1 hour and 30 minutes
- 1 ¾ lb rack of pork
- 1 ¾ oz dried mushrooms
- 3 oz carrot
- 3 oz celery
- 1 teaspoon parsley, chopped
- 5 oz dried beans
- 1 teaspoon fennel seeds
- 1 teaspoon sage, chopped
- 2 cloves of garlic
- black pepper to taste
- ½ cup white wine
- 4 cups vegetable stock
- ½ lb meat sauce
- 1 cup white wine
- 1 sprig rosemary
- water to taste
30 minutes preparation + 1 hour cooking
Soak the beans in water for at least 12 hours. After this time, cook them.
Tie the pork saddle with food string. Tie it tightly so that it does not loosen during cooking.
Chop rosemary, garlic, sage and fennel seeds, add salt and freshly ground black pepper to the mix.
Prick the meat with a fine-blade knife, insert the mix in these holes.
This seasoning will give fragrance to the meat internally, too.
Pour oil into a large casserole and braise the pork meat on a low heat, taking care to turn it round occasionally. While it is cooking, add some white wine and evaporate. Remember to use the boiling broth to wet the pork meat as it is cooking.
In a large casserole, soften the chopped garlic by frying slightly in oil, then add the beans that have been soaked. Season with salt and pepper, cover with water and cook.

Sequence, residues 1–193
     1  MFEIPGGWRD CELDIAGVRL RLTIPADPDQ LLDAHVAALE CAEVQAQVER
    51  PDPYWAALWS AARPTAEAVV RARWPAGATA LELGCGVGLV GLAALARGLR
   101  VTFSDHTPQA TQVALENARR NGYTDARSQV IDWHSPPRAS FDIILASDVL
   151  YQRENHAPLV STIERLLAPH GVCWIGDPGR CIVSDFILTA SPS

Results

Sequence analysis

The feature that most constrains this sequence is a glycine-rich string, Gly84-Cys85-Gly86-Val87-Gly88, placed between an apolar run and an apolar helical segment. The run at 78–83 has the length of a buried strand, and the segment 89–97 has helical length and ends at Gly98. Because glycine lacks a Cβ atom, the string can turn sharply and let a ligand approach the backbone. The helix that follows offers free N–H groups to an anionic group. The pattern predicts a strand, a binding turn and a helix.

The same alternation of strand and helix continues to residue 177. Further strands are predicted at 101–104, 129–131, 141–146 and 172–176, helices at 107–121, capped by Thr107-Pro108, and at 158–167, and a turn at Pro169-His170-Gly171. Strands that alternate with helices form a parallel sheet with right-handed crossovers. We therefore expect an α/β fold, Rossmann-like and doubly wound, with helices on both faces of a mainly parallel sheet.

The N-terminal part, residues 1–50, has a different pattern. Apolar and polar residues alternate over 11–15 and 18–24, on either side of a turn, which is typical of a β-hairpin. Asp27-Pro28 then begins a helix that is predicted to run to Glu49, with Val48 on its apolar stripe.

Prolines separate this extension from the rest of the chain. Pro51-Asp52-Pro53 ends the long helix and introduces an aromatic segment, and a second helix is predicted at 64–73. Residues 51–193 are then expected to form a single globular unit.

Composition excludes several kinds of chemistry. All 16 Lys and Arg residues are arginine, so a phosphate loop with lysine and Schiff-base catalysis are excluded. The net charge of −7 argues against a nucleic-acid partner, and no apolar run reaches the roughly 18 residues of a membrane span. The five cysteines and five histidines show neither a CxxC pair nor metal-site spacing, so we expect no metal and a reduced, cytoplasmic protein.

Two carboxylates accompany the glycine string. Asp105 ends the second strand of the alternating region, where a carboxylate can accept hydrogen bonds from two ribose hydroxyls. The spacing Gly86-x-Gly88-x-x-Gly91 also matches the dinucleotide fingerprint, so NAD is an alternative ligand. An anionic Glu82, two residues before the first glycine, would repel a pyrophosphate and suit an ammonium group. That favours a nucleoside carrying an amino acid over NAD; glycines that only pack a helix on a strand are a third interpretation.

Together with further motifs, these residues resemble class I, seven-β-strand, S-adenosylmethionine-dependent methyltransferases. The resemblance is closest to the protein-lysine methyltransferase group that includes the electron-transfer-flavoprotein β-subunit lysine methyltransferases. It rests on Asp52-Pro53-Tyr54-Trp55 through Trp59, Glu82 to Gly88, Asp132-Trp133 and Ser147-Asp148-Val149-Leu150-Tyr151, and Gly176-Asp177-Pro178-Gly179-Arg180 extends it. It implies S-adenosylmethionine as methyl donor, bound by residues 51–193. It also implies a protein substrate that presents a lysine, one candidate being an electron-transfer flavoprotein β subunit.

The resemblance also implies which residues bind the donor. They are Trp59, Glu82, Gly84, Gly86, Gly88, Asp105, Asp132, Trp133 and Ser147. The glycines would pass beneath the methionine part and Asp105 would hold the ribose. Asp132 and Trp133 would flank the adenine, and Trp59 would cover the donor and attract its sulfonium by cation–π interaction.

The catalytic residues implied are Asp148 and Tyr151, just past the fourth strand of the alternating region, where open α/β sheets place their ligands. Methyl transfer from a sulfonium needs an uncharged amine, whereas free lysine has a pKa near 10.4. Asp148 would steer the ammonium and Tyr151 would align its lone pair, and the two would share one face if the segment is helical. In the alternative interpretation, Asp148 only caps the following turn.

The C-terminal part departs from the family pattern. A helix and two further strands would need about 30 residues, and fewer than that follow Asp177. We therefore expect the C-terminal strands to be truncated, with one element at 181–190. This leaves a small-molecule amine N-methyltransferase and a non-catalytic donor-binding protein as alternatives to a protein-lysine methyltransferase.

Lightly fry the vegetables in oil, add chopped dried mushrooms, chopped parsley and some white wine.
Add brown cooking liquid, season to taste with salt and pepper, cook for 5 minutes.
Slice the pork saddle, arrange on a plate and pour both sauces over the slices, the one with the beans and the one with the mushrooms.
The meat to be used for this dish is pork meat, the ‘saddle’. While the meat is cooking, keep the lid on the pot.
Flavorful and nutritious, beans are among the most important legumes in the human diet. Although legumes were already around in ancient Rome, the varieties of the time came from Asia and Africa. Today these ancient varieties are known as “fagioli dall’occhio”: small, white beans with a little black dot where the seed was attached to the pod.
The most common variety today is from central, South America, where the legumes have been cultivated for around 7,000 years.
Discovered by Christopher Columbus during his second trip to the Americas, the beans were brought back to Europe by Spanish and Portuguese sailors in the 16th century. They have since become an integral part of rustic, home-cooked dishes.
In Italy, in fact, beans were often served with pasta in poor homes because the dish is nutritious, yet inexpensive.
Did you know that...
Beans are the fruit of the bean plant, which is in the genus phaseolus?
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